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Bridge on the River Potomac

A movie in 1957 taught us all how to behave as wartime POWs. Or, at least, that seemed to be the intent, with Korea just over and Our Boys not behaving sufficiently heroic in captivity, according to the usual Priams-by-Proxy along the Potomac.

I remember the film from when I was 14 years old. It was about what a prisoner of war has to do all day. These British captives maintain good discipline, and they find themselves a hobby, and they sing campfire songs, which was exactly what we were taught in school and camp. So The Bridge on the River Kwai was educational.

The hobby was the building of a bridge over a river. It was very difficult going, and the autocratic colonel in charge whipped up his men to complete it in time, and there was much diligence and dedication, and a grand celebration when it was accomplished. Yay for our boys! There was an awards show, like we had after football season.

The only trouble was, when you raise your head above the micro, the macro don’t look so pretty good. That bridge was an asset to the shipping lanes of the Japanese to Burma, which meant it was not good for our side of the question. From that larger perspective, the willing accomodation of the best wishes and fond hopes of the enemy was simple treason.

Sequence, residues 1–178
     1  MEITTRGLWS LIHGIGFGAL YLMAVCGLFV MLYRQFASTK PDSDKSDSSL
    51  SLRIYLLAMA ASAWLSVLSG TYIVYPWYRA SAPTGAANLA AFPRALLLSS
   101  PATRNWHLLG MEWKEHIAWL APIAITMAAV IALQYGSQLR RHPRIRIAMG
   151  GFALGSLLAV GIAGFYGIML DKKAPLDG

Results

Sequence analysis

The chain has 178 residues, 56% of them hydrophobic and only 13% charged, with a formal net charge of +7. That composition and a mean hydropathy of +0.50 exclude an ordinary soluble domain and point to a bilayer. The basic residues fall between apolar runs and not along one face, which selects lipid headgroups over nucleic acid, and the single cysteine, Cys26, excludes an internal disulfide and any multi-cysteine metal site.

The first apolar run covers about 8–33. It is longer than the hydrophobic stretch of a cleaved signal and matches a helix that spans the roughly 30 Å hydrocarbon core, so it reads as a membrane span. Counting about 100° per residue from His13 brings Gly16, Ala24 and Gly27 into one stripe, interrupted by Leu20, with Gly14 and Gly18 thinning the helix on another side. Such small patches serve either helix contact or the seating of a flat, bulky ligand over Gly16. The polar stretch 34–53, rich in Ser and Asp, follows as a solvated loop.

In another movie, I learned how events conspire to cast characters rather than the reverse. So now we are to again consider whether the building of a perfect structure, with its pillars of the Public Option and it’s spans of Expanded MediCare, is more significant than the span across the river. The details are so important that, like Ayn Rand’s Howard Roark, some would not allow it to be unless it fits our very exacting artistic sense of what is apt and good.

Maybe Hillary was Howard Roark. She was credited with not allowing impurities into her dream of health care reform. That was in 1993. I wonder if she feels great pride in holding out for perfection. Good on you, sayeth Ayn Rand.

In the last sixteen years and counting, however, untold millions have been left to drown in that river.

Filmography used in this diary:

A Bridge on the River Kwai
Mulholland Dr
The Fountainhead

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Smalltown Texan, Blackland Prairie, a senior. Sometimes I have trouble keeping up. Married, with Rottie/Pit. Reading, and some writing, that's me.